Kenyan women carry a lot of pressure from cultural expectations and norms; there are also a lot of prejudices regarding what women are supposed to do. At the University of Nairobi, Kenya, women in technical educations are a clear minority. This thesis aims to illuminate the obstacles women in science face when they pursue higher educations. By illuminating the obstacles the thesis hopes to answer why there are fewer women than men in higher educational levels who choose science. The study has been conducted as a field study at the University of Nairobi with interviews and focus groups. The interviews were performed with men, women, employees and students to get a broad perspective on how everyone viewed the situation of women in science. The focus groups focused more on the women’s own experiences of being in the technical field. The empirical data has been analysed using theories regarding social constructions, hegemonic masculinity, gender equality and equity. Factors that the thesis concludes to hinder women to pursue science and technology are cultural expectation, the fact that science is considered to be masculine subjects reserved for men. There are also common that early childbirth hinder women from pursuing higher levels in the academia.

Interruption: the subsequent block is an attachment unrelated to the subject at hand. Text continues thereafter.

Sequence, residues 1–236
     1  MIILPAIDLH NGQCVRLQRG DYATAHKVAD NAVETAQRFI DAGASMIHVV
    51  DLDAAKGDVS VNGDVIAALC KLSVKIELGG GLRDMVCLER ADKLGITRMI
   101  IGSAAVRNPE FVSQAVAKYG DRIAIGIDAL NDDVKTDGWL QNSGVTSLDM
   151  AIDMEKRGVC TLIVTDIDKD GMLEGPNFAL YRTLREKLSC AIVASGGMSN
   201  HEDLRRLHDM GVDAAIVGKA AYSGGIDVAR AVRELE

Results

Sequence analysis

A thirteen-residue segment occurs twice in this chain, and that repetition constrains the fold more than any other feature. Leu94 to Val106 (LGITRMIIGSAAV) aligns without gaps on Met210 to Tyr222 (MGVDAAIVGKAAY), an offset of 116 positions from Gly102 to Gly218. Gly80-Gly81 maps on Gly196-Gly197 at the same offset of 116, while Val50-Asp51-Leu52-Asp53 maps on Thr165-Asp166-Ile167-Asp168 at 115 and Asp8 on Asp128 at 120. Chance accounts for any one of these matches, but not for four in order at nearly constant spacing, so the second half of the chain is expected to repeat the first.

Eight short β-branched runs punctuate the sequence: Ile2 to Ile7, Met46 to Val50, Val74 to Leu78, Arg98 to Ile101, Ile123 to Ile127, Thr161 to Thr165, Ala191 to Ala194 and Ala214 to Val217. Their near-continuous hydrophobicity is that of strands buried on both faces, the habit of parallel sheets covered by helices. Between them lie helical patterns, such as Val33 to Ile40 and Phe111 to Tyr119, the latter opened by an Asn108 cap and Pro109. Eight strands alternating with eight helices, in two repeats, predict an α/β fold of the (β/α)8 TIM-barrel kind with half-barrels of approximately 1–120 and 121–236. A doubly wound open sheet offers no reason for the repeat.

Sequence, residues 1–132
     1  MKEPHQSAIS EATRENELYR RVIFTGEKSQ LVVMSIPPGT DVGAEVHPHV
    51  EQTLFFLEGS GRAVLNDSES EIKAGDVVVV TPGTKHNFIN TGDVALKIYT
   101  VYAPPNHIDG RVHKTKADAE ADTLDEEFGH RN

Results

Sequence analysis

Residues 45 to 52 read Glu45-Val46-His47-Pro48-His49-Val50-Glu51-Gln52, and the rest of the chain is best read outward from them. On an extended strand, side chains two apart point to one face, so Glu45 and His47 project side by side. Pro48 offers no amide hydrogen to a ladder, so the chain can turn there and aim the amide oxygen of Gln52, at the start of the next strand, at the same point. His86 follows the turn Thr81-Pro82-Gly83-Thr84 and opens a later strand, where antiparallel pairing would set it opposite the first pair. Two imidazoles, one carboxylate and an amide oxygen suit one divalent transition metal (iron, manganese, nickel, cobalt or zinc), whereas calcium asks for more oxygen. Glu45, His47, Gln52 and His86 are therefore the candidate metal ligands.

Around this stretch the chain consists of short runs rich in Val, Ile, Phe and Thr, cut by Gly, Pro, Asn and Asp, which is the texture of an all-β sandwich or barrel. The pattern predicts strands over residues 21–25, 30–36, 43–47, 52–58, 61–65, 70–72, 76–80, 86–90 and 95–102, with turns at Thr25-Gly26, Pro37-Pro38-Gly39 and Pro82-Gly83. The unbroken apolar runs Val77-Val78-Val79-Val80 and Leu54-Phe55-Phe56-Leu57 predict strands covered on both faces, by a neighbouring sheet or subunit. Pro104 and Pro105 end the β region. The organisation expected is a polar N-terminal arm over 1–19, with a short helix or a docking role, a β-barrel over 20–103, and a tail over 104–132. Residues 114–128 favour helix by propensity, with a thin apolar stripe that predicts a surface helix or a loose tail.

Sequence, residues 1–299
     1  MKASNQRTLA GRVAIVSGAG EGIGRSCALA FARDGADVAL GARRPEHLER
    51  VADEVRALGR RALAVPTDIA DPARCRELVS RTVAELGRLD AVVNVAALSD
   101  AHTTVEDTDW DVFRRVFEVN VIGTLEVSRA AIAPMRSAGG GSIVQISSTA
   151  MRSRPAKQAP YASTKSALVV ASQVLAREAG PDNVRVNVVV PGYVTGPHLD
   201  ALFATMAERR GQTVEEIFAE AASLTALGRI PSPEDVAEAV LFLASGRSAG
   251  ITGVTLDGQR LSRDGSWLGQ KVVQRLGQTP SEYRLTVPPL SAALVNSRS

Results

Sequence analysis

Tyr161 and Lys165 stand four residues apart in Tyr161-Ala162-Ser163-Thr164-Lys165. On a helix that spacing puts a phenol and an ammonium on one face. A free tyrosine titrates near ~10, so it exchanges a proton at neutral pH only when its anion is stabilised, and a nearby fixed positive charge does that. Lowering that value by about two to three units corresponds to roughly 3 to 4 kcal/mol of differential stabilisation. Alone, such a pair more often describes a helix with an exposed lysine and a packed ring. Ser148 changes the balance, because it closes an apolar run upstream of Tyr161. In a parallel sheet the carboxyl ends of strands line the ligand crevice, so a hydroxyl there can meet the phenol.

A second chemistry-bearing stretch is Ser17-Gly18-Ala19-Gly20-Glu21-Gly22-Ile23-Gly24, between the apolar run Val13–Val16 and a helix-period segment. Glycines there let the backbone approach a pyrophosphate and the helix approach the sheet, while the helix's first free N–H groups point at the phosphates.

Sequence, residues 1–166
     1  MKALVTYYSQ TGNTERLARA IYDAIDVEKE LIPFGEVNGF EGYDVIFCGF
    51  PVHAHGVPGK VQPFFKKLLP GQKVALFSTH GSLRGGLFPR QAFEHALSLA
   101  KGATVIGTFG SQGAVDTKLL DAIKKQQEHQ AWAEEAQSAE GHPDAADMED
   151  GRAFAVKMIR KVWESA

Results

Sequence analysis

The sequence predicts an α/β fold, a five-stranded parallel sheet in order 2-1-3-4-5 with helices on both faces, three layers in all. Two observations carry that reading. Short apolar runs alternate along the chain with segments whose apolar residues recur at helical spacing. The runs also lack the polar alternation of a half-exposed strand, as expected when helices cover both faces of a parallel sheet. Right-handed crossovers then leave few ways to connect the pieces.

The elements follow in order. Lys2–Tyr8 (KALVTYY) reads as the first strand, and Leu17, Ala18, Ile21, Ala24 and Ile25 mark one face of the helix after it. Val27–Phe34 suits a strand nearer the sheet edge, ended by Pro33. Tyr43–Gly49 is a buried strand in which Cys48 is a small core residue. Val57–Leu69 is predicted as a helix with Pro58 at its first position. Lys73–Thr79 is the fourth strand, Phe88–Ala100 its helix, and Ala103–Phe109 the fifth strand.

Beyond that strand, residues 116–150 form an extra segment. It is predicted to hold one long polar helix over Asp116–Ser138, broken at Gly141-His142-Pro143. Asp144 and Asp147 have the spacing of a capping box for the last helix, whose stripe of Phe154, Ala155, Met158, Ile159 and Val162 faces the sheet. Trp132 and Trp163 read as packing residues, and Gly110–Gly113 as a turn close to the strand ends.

Subjects/Keywords: Gender balance; gender equality and equity; women in science; technology; social constructions; hegemonic masculinity; University of Nairobi; Kenya

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APA · Chicago · MLA · Vancouver · CSE | Export to Zotero / EndNote / Reference Manager

APA (6th Edition):

Essner, I. (2016). More than a technical issue for women in science : A contradictory normative reality at the University of Nairobi. (Thesis). Uppsala University. Retrieved from http://urn.kb.se/resolve?urn=urn:nbn:se:uu:diva-297592

Note: this citation may be lacking information needed for this citation format:
Not specified: Masters Thesis or Doctoral Dissertation

Chicago Manual of Style (16th Edition):

Essner, Ida. “More than a technical issue for women in science : A contradictory normative reality at the University of Nairobi.” 2016. Thesis, Uppsala University. Accessed August 05, 2020. http://urn.kb.se/resolve?urn=urn:nbn:se:uu:diva-297592.

Note: this citation may be lacking information needed for this citation format: